Posted on 14 January 2012 by Sue Williams
As we close in on the bicentenary of Charles Dickens’ birth on February 7th we do really have to thank the BBC for helping to bring it to the public’s awareness. Of course there are countless groups dedicated to keeping his memory alive and he has always been read widely, but it is so encouraging to see several of his books in the bestseller lists, which is not usually the case. The rather wonderful adaption of ‘Great Expectations’ was enthralling, with the added bonus of a very beautiful Pip, Burberry model no less, who would surely have attracted a younger viewer who may not have encountered Dickens before. I have my reservations about ‘The Mystery of Edwin Drood’ adaption, but, hey, it still pulled in lots of viewers . Being on the TV sells books, we only have to look at the enormous popularity and massive subsequent sales from any cookery series to see that. And what is more, people buy the physical book , hurrah, – is there word for this now? Paper book? 3D book?
Also, as I am sure is being repeated all over the country, indeed the world, my book club decided we should start 2012 by reading another Dickens.
Posted on 18 September 2011 by Marie Stevens
A really gratifying response to our new PB Couture Covers has made me look critically at the horrendous state of my own bookcases – I am not suggesting that I am the latest word in interior style but it would be very nice to have my sets colour coded (reveal as it would my obsession to read authors in their entirety in turn). For example – Richmal Crompton 31, E.M.Delafield 38, Noel Streatfeild 11, Elizabeth Taylor 13. There is a tremendous similarity in these authors of course – middle class domestic early 20th century – so to prove (to my children who find my focus somewhat odd) that I am not welded to second hand books I am taking time out from received English, Church attendance and nursery puddings to read Caitlin Moran’s brilliant new book, How to Be a Woman. I am only half way through it but can already highly recommend it for the stellar writing and wonderful, self deprecating humour.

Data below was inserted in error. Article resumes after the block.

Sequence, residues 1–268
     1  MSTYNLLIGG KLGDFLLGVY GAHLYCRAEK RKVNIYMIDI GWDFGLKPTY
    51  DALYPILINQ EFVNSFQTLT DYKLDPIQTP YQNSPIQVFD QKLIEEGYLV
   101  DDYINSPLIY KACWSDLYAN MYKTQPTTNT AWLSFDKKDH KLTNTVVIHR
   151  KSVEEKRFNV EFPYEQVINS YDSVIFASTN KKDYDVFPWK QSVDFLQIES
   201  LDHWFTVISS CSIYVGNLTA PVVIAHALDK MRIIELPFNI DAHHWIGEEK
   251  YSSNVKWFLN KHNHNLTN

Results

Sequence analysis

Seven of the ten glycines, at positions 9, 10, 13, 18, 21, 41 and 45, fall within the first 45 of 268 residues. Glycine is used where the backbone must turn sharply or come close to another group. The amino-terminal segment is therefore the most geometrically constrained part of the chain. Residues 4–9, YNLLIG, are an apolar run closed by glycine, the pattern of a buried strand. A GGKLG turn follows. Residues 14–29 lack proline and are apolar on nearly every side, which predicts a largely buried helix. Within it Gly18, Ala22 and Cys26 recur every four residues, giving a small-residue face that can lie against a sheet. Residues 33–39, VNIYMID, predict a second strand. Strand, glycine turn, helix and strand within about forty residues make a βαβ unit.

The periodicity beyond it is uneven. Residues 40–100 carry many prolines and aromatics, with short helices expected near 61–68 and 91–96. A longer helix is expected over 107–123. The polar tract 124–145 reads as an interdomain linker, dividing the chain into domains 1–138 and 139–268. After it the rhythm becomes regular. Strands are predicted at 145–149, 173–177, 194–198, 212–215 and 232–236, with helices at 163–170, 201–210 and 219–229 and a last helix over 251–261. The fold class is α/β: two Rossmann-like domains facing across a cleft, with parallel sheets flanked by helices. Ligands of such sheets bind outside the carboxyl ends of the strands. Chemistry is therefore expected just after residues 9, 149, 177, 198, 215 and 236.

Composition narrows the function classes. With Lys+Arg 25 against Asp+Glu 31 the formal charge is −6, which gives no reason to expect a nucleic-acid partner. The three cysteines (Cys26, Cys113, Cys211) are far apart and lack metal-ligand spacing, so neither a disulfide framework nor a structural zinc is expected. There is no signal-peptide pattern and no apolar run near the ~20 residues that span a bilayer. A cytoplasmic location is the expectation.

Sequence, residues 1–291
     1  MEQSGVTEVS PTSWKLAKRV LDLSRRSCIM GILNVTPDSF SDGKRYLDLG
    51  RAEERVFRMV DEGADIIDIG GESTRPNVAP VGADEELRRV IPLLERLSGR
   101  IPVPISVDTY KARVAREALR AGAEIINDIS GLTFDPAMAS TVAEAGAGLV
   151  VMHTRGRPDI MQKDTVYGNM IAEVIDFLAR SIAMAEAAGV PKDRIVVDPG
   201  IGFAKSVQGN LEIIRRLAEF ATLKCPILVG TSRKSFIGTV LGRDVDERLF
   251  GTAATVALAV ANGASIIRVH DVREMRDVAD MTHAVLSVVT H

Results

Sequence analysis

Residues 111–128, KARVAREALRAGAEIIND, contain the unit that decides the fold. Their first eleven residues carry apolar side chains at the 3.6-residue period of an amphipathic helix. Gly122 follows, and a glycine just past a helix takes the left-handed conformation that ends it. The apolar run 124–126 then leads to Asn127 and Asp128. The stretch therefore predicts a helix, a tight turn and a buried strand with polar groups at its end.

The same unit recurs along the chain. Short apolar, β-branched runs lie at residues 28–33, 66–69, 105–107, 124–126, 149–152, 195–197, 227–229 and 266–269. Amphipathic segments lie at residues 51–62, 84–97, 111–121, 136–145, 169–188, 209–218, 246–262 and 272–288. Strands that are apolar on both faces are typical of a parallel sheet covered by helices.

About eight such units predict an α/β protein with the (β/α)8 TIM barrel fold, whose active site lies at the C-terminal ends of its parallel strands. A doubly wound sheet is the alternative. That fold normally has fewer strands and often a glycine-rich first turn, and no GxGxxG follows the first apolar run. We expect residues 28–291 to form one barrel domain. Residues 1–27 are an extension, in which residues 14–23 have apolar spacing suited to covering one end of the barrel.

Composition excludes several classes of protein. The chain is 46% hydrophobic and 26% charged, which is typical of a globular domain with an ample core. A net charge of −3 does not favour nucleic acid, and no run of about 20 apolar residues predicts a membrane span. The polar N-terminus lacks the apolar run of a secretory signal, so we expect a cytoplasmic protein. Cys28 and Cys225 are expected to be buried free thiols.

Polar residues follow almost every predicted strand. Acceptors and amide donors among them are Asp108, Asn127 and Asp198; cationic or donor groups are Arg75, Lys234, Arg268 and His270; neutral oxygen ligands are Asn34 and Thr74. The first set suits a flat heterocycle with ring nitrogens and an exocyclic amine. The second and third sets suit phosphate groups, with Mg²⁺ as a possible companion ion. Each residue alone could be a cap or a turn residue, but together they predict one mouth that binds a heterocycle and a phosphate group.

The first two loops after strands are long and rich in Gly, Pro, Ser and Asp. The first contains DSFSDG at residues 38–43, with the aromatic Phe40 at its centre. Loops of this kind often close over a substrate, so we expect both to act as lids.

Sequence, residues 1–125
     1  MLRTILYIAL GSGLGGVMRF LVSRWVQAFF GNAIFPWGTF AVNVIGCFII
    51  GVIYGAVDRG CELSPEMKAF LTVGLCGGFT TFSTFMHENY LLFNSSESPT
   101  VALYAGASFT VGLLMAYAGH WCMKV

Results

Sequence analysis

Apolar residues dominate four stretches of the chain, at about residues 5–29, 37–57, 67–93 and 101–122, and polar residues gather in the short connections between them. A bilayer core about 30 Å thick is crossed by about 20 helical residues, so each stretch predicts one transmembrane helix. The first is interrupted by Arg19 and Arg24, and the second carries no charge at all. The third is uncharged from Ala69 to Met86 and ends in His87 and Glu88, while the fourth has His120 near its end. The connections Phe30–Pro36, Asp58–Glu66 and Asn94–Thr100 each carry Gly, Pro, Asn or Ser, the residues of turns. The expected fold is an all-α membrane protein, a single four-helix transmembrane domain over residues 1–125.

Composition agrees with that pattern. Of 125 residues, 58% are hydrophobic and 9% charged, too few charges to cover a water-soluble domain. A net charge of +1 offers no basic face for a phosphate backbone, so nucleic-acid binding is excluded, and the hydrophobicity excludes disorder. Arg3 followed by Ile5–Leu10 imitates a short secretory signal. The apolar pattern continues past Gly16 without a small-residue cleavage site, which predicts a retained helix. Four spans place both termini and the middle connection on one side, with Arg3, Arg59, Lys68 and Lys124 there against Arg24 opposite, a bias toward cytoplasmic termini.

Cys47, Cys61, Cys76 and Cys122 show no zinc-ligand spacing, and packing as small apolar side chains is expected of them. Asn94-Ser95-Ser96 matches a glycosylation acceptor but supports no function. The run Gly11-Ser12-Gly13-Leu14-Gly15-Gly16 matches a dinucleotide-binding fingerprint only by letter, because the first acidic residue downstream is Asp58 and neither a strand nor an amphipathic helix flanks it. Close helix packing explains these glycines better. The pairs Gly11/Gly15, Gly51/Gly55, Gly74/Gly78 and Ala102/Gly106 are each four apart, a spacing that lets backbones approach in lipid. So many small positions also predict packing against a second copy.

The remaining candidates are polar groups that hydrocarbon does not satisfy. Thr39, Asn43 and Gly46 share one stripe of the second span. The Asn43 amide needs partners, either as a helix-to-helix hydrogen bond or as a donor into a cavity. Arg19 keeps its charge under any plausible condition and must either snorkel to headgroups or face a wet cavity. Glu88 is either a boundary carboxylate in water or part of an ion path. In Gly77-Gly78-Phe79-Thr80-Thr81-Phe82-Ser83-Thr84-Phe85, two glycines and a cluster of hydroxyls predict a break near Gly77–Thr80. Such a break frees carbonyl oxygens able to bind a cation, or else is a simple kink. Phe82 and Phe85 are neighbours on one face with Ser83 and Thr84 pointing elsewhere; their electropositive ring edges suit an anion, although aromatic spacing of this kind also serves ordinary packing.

Posted on 17 August 2011 by Sue Williams
A survey published by the academics of the University of Queensland this week concluded that every hour glued to the TV ‘shortens life by 22 minutes’. What better excuse do we bibliophiles have for getting up out of our chairs ( very good exercise) to get another book off the shelf – we’re all going to live longer!
Though I must admit that I would willingly give up 22 minutes of my life to watch Idris Elba in ‘The Wire’ , or indeed in anything,( make that 44 minutes), our brains are surely stimulated more by the inspiring words we read than by any visual input. Books we read in our childhood stay with us throughout our lives. Whether it is the Harry Potter series, or Terry Pratchett’s novels , ‘The Arabian Nights’, or ‘Swallows and Amazons’, two of my personal childhood favourites, remembering them we still get that same tingle of excitement as when we first stepped into those imaginary worlds.
Once seduced by the written word, whether by having stories read to one as a child or having discovered them subsequently, one is hooked for life. And so much is owed to Roald Dahl and J.
Posted on 20 June 2011 by Marie Stevens
My mind has turned to honour this week as I finished a book I last read when I was around 16. I came across Stanley J. Weyman’s “Under the Red Robe” while hunting (as we do) in a second hand book shop and remembered how much I had enjoyed it. First published around the turn of the last century the action takes place in the time of the feared Cardinal Richelieu and his harsh suppression of the Huguenots and, apart from being a very good read, the book is a wonderful evocation of the codes of a time when honour was more important than life and a man’s “parole” could be relied upon. Although rarely read these days, the author was very popular 90 years ago and both Oscar Wilde and Graham Greene were fans. I now feel compelled to re-read other books of the same period (those wonderful Geste brothers beckon me again) although I am conscious that my reading seems to be going backwards in time and I shall have to get Sue to pull me back into the 21 century for fear I will be attempting to decipher illuminated manuscripts before too long (not to mention talking in a very strange way).
Posted on 23 May 2011 by Sue Williams
Amazon’s new strapline for their wonderful Kindle is ‘the book lives on’ – well, that’s a relief.
Of course the book lives on and it would appear that digital versions of books are outselling what most of us think of as a book – the tangible object. What we don’t know is if more ‘books’ are being sold in total. Are more people reading because of the advent of ereaders? Let us really hope so.
However we must look to a dictionary for the definition of ‘book’ : according to Collins, first up is “a number of printed or written pages bound together along one edge and usually protected by thick paper or stiff pasteboard covers” ,but it seems this will no longer suffice, because secondly a book is “ a written work or composition, such as a novel, technical manual, or dictionary”; and only then is followed by various descriptions of bound records, scripts which all can be termed books. There is of course The Book, and we use many phrases incorporating it – a closed book ( a shut down Kindle?), cook the books (crispy Kindle?), in someone’s good books (maybe).